In March of 2013, aBlogtoWatch was the first to debut the new Breva Genie 01 watch with a barometer and mechanical weather station. We had to admit that we were a bit blown away to see this amazingly designed luxury watch that set out to do in about $170,000 what brands like Casio can do for about $170 bucks. But is being able to read the current barometric pressure and get a weather prediction really the point? Or is the Breva Genie 01 and its brother the Genie 02 (with an altimeter versus barometer) more about a new trend that might evolve from people’s fascination with luxury timepieces?

I would like to submit to you a trend that I personally would like to see, and that is a new era of high-end vintage style scientific instruments produced for luxury customers. Allow me to explain. We all know that the pocket watch was the original gadget, and it was only for those people wealthy enough to afford it. Pocket watches offered an amazing new degree of freedom for those who wanted to have portable time keepers with them. The ability to not only know the current time, but also to measure intervals of time was seriously useful when people were first able to “take it with them,” starting a few hundred years ago.

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It was not until about 130 or so years ago that portable time keeping became much more democratized, and by about 100 years ago, almost anyone could afford a pocket or wrist watch. Nevertheless, the resurgence of the mechanical watch is as much about its functionality as it is about its attractive design and the luxurious nature of the item itself. So in a sense, we have a fondness for high-end precision instruments with an analog versus digital quality to them.

Enter the steampunk movement. While many people can brush off steampunk as another element of pop culture’s fascination with mash-ups (vintage plus scifi) the steampunk movement is really about celebrating people’s love of portable gadgetry – and the display thereof. This is why so many steampunk aesthetic mix fashion elements with items like goggles, gears, and other gadgets. This brings me back to the luxury watch, an item whose contemporary popularity extends so far beyond their mere ability to indicate the time. I would argue that it is the other complications or promises of durability the hold the attention of collectors and luxury consumers.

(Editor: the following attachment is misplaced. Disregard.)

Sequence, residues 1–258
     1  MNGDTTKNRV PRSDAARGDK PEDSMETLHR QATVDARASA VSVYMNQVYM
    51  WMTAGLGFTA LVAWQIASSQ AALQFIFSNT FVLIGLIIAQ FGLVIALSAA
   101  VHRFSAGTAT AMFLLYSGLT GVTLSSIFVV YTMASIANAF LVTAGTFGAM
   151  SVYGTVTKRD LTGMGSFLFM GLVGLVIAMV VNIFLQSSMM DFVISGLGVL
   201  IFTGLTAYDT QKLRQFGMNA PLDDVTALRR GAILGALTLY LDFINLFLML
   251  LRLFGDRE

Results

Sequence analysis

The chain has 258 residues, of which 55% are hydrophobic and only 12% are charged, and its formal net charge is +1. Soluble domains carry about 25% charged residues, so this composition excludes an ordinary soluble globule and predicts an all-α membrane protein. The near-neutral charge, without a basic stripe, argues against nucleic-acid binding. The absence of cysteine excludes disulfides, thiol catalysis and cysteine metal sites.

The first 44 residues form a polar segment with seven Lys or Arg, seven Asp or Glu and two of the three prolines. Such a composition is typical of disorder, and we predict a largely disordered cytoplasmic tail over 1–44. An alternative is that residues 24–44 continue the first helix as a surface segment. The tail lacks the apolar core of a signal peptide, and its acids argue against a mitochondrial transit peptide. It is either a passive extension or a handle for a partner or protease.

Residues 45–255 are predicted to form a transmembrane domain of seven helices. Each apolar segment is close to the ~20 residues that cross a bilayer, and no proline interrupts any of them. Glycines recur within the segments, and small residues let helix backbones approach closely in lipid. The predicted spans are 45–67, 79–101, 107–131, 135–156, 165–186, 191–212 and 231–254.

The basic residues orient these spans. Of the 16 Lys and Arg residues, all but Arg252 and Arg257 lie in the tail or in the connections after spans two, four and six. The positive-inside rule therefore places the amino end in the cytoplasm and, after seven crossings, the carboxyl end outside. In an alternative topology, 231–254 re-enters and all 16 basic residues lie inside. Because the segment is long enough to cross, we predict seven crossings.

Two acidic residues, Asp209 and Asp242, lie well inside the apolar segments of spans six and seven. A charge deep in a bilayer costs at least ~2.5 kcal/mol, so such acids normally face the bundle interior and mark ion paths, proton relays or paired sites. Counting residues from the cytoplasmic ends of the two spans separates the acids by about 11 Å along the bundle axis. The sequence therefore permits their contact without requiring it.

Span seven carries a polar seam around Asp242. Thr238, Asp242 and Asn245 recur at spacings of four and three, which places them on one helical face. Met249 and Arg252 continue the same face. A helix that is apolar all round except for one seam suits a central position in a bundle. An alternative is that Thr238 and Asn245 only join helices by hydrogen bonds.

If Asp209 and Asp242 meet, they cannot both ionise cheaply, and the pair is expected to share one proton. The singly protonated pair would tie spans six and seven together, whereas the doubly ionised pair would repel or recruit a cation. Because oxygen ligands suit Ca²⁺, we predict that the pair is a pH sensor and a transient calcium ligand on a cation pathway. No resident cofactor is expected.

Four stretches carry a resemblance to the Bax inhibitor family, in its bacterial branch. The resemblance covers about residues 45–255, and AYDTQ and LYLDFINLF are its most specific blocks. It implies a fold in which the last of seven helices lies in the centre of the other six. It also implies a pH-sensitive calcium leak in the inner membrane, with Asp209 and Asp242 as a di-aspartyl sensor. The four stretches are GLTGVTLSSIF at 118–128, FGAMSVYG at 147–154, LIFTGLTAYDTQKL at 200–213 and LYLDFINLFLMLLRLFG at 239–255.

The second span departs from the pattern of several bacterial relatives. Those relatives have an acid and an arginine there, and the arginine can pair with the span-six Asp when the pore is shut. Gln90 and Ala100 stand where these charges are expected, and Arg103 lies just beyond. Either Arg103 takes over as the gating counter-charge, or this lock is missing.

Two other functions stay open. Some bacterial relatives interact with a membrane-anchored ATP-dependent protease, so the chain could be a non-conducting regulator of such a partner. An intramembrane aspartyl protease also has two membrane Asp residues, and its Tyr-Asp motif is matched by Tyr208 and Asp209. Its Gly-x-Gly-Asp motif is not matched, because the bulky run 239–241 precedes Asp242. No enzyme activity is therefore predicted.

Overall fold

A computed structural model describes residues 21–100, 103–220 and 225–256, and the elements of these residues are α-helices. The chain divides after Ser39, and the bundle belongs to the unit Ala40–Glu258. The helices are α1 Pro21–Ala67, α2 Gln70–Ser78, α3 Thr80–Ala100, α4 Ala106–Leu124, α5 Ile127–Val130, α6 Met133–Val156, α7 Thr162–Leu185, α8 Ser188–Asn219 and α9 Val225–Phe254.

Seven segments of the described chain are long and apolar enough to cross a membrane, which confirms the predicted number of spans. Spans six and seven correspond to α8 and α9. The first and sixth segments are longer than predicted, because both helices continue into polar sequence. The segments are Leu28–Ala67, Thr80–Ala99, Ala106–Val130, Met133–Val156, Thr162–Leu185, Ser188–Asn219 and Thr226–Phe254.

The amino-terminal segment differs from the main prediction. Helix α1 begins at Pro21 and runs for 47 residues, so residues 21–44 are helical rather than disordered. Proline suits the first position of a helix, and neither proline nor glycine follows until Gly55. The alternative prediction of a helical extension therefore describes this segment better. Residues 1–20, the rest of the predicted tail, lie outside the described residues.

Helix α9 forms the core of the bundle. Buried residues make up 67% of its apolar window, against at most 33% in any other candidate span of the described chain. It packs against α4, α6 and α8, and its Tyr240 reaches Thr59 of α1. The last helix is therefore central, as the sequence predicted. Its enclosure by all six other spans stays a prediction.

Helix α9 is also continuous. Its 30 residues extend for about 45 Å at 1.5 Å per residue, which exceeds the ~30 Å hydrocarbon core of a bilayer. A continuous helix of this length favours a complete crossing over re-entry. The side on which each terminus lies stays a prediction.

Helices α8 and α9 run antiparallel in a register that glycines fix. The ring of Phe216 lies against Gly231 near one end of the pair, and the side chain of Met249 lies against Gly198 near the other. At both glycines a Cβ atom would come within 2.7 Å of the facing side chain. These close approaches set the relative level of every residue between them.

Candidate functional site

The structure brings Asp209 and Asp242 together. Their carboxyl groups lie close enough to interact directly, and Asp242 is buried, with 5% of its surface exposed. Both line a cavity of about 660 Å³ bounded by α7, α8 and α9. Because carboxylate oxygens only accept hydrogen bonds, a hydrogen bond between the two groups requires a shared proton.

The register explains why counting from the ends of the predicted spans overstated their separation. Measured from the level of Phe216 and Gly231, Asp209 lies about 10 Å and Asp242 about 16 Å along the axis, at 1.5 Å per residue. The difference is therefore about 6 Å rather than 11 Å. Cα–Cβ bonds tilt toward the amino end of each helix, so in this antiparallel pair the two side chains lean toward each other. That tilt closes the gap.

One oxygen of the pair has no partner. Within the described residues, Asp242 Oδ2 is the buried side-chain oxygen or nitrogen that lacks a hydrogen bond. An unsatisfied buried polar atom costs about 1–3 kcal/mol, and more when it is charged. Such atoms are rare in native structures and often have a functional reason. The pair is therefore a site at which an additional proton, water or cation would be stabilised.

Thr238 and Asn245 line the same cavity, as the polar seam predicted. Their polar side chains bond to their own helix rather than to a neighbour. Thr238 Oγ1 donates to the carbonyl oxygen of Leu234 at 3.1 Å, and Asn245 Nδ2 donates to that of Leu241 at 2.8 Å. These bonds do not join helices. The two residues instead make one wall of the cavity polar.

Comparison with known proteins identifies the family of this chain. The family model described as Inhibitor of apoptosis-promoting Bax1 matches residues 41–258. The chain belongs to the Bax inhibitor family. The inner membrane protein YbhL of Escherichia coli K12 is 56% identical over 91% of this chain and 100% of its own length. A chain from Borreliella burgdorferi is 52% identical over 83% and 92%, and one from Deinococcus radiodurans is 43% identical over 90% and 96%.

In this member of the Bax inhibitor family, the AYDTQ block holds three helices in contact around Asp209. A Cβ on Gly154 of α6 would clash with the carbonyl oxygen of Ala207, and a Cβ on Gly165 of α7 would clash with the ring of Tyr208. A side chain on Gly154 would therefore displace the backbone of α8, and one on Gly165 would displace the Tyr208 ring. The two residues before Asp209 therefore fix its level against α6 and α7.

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Therefore, I predict that in the near future, luxury watch makers and other companies will begin to focus on the revival of traditional analog instruments and scientific devices as items in or complimentary to watches. That is exactly what I see in the Breva Genie 01. There is a combination of timekeeping with a traditional analog barometer that uses an aneroid capsule in order to measure the barometric pressure. It is all done in a modern and high-end way that is about celebrating the appeal of the instrument itself, versus how immediately utilitarian it might be. The Breva Genie 01 is a luxury scientific toy that doesn’t play with being a status symbol as much as it plays with our fascination with measuring devices.

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This logic helps explain the popularity (both historically and currently) of things on watches such as high anti-magnetic cases, slide-rule bezels, 1/1000 of a second chronographs, astronomic display, and use of exotic corrosion-resistant metals. So if we take these things beyond watches to other wearables, I wonder what we will have. Let’s see what happens in the next few years. Having said that, the Breva Genie 01 and its ilk are decidedly niche timepieces. After all, a watch like the Genie 01 doesn’t just allow you to easily glance at the information – some calculations are in order.

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If you watch the video above where we go hands on with the Breva Genie 01 and 02 watches, you’ll see that while each has an aneroid capsule, they are configured differently because one is designed to measure the barometric pressure while the other is designed to measure the altitude. You can see our hands-on look at the Breva Genie 02 altimeter watch here. Using the barometer on the Genie 01 requires you to open a seal to equalize air pressure, and you need to take readings at different times to see the trend in the barometric pressure changes in order to predict the weather. In many ways, it is a very hands-on experience.

The dial of the Genie 01 offers a range of information, all part of the complex manually wound mechanical movement developed by Breva in collaboration with Jean-Francois Mojon’s company Chronode. The 405 part movement operates at 4Hz and has a power reserve of 65 hours. There is also a handy power reserve indicator on the dial near 4 o’clock.


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